Francisco Sionil Jose, a National Artist for Literature, multi-awarded and one of the most critically acclaimed Filipino authors, died on Thursday evening, Jan. 6. He was 97.
The Philippine Center of International PEN (Poets, Playwrights, Essayists, Novelists), a literary guild founded by Jose in 1958, first announced the national artist’s death on its Facebook page.
Jose died in his sleep on Jan. 6, 9:30 p.m. at the Makati Medical Center according to his wife, Tessie. He was scheduled to undergo an angioplasty procedure on Jan. 7.
In Jose’s Facebook page, his family also confirmed the news in a short message. “Our father passed away peacefully this evening. Many years ago, he told us this is what he wants written about him: ‘He wrote stories and he believed in them’.”
Hours before his death, Jose, who wrote a weekly column titled “Hindsight” in The STAR, penned what would be his last post on Facebook, where he addressed his “brave heart” and even as a self-declared agnostic, thanked the “dear Lord for this most precious gift.”
“Now that I am here waiting for an angioplasty, I hope that you will survive it and I with it, so that I will be able to continue what I have been doing with so much energy that only you have been able to give. Thank you dear brave heart and dear Lord for this most precious gift,” he wrote.
A prolific writer, essayist and novelist
Jose was born on Dec. 3, 1924 in Rosales Pangasinan, where he developed his love for reading and became an inspiration for his works of fiction.
He attended the University of Santo Tomas in Manila after World War II, taking up Lit. B Journalism at the old Faculty of Philosophy and Letters. He was the editor-in-chief of UST’s The Varsitarian school paper from 1948 to 1949.
The Philippine literary giant has written over 35 books composed of novels, short stories, poetry and social commentaries that mostly examine the effects of colonialism and class struggle on Filipino society.
Among his notable works include The Rosales Saga, a five-novel series (The Pretenders, 1962; Tree, 1978; My Brother, My Executioner, 1979; Mass, 1983; and Po-on, 1984) that spans 100 years of Philippine history—from the execution of the Gomburza in 1872 to the declaration of martial law in 1972.
Jose was also the Philippines’ most widely translated writer, with his works translated into over 25 foreign languages, and Ilokano Tagalog and Cebuano.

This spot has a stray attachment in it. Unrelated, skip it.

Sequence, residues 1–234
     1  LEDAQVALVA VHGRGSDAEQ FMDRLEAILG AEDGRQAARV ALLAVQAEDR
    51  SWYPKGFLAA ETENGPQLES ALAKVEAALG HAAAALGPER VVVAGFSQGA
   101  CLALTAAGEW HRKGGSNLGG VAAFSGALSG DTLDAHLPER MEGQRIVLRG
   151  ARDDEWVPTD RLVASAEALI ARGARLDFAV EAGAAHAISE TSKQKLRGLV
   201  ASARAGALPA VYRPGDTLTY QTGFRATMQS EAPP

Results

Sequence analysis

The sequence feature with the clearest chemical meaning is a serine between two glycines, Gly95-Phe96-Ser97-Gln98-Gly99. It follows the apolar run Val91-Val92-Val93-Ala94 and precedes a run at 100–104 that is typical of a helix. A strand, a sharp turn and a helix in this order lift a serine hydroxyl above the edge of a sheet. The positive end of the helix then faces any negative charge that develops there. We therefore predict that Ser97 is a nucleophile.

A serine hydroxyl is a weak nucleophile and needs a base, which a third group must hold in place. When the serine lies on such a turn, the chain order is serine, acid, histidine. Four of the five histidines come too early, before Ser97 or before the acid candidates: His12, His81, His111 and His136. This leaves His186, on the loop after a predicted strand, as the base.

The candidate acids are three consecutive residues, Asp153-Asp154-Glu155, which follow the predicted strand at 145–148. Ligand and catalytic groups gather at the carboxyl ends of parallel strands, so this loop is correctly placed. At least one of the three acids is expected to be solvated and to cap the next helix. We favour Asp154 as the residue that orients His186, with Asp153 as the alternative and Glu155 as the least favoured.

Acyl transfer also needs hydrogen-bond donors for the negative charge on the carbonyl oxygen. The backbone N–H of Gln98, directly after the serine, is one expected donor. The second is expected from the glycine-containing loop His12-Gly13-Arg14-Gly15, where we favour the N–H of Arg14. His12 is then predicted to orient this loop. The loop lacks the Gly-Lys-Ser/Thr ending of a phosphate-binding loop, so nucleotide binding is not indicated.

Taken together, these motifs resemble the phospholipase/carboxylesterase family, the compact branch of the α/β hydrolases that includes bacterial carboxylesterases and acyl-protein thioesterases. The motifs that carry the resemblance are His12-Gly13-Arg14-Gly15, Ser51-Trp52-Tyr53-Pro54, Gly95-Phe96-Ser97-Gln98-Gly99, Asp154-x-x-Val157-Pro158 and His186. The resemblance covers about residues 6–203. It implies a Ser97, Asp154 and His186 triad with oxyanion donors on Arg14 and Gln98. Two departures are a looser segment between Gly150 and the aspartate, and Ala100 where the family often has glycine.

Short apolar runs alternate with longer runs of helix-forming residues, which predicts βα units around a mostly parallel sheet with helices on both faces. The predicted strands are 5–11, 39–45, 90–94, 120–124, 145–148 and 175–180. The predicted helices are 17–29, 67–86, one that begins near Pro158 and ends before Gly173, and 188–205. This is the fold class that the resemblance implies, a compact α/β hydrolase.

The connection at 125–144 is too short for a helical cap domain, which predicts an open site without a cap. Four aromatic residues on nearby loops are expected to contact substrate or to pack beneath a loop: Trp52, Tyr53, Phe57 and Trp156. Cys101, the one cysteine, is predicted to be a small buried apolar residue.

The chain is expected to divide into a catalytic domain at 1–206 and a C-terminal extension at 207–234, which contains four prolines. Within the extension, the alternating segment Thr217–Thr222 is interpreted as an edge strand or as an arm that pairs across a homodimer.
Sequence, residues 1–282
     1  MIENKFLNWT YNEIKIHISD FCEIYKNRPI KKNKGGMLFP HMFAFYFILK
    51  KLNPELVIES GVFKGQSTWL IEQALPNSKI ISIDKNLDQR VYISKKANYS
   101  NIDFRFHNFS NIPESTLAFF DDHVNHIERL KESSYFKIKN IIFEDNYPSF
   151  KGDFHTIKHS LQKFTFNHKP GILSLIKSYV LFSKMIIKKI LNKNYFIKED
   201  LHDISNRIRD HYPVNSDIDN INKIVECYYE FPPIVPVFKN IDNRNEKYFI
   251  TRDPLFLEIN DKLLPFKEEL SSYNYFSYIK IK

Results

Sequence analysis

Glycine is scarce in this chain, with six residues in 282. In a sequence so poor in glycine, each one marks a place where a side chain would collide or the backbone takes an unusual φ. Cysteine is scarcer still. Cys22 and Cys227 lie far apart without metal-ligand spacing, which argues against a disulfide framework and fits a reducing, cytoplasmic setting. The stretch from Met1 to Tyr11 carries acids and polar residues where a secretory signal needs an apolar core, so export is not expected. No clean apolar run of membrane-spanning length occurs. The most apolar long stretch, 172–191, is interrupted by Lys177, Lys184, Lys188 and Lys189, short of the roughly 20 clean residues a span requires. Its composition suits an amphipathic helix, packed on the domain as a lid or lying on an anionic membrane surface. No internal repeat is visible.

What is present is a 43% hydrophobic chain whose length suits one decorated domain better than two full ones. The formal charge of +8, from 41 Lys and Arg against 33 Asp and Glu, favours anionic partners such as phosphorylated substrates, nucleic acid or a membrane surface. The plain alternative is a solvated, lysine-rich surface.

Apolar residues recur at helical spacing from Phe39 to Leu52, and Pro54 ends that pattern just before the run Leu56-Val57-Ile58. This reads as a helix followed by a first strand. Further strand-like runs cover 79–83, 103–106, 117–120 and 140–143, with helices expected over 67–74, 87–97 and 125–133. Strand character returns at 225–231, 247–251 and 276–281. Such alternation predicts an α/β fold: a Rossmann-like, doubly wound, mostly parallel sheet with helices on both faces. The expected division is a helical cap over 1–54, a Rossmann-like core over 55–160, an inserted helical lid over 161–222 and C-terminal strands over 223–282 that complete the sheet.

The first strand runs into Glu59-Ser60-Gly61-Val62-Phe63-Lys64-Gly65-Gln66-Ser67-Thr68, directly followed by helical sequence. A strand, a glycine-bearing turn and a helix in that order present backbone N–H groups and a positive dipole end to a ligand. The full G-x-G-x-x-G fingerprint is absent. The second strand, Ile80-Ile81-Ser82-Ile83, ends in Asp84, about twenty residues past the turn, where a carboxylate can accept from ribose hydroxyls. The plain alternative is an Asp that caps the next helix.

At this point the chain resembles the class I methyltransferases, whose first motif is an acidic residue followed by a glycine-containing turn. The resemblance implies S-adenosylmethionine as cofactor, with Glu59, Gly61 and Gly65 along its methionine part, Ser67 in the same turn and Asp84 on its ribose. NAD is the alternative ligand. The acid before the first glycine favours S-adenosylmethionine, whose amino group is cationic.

In 1965, Manong Frankie, as he was fondly called, and his wife Tessie, opened the gem of a bookstore on Padre Faura St. in Ermita, Manila—Solidaridad Bookshop, which was named one of the world’s most brilliant bookshops by the Financial Times readers in 2021.
Jose was conferred the title National Artist for Literature in 2001, with the National Commission for Culture and the Arts describing his collective work since the 1960s as “epic.”
“Its sheer volume puts him on the forefront of Philippine writing in English. But ultimately, it is the consistent espousal of the aspirations of the Filipino–for national sovereignty and social justice—that guarantees the value of his oeuvre,” said the NCCA.
Jose gained recognition for his literary works, including the Ramon Magsaysay Award for Journalism, Literature and Creative Arts (1980); Order of Sacred Treasure, Japan (2001); Pablo Neruda Centennial Award (2004), Chevalier dans l’Ordre des Arts et Lettres (2014), and Carlos Palanca Memorial Award for Literature, which he won four times.
A staunch defender of the Duterte administration
Toward the latter part of his life, he was known to have defended the Duterte administration since the ex-Davao City Mayor was elected into power in 2016.
His remarks and commentaries on the government have stirred conversations among the public and fellow writers.
In a Facebook post days before the 2016 national elections, Jose said the Duterte vote is the “voice of angry Filipinos.”
“If Duterte wins the election, his victory will be brought about by millions of Filipinos fed up with corruption at all levels of our society, and frustrated that the gains of the Aquino administration do not translate into their improved welfare and safety,” he said in his post.
In his STAR column on June 14, 2021 titled “Why Duterte,” Jose wrote, “It may turn out that for all his vulgar language, Rodrigo Roa Duterte may yet be, next to Magsaysay, the best president we ever had. All the criticisms considered, just remember this—the country is far safer now than at any other time.”
In October 2021, Jose posted on Facebook his sentiments about Filipino journalist Maria Ressa, who he said “does not deserve the Nobel” Peace Prize award. Ressa became the first Filipino to receive the distinction.
The Nobel Committee awarded the prize to Ressa and Russian journalist Dmitry Muratov "for their efforts to safeguard freedom of expression, which is a precondition for democracy and lasting peace.”
In his post, Jose said, “No writer is in jail. There is no censorship. Duterte hasn’t closed a single newspaper or radio station. The closure of ABS-CBN was made by Congress which did not renew the ABS-CBN franchise,” said Jose, who added that he has not read “anything memorable” by Ressa.
Following a backlash from the public, writers and journalists, Jose maintained in a follow-up post on Facebook that his “opinion is based on verifiable facts” and the “truth.”
“If you are intelligent, question the facts, do not kill the messenger that brought them. Then ask yourself: What heroic sacrifice has Maria Ressa done for freedom and the Philippines. And who is funding her,” he said.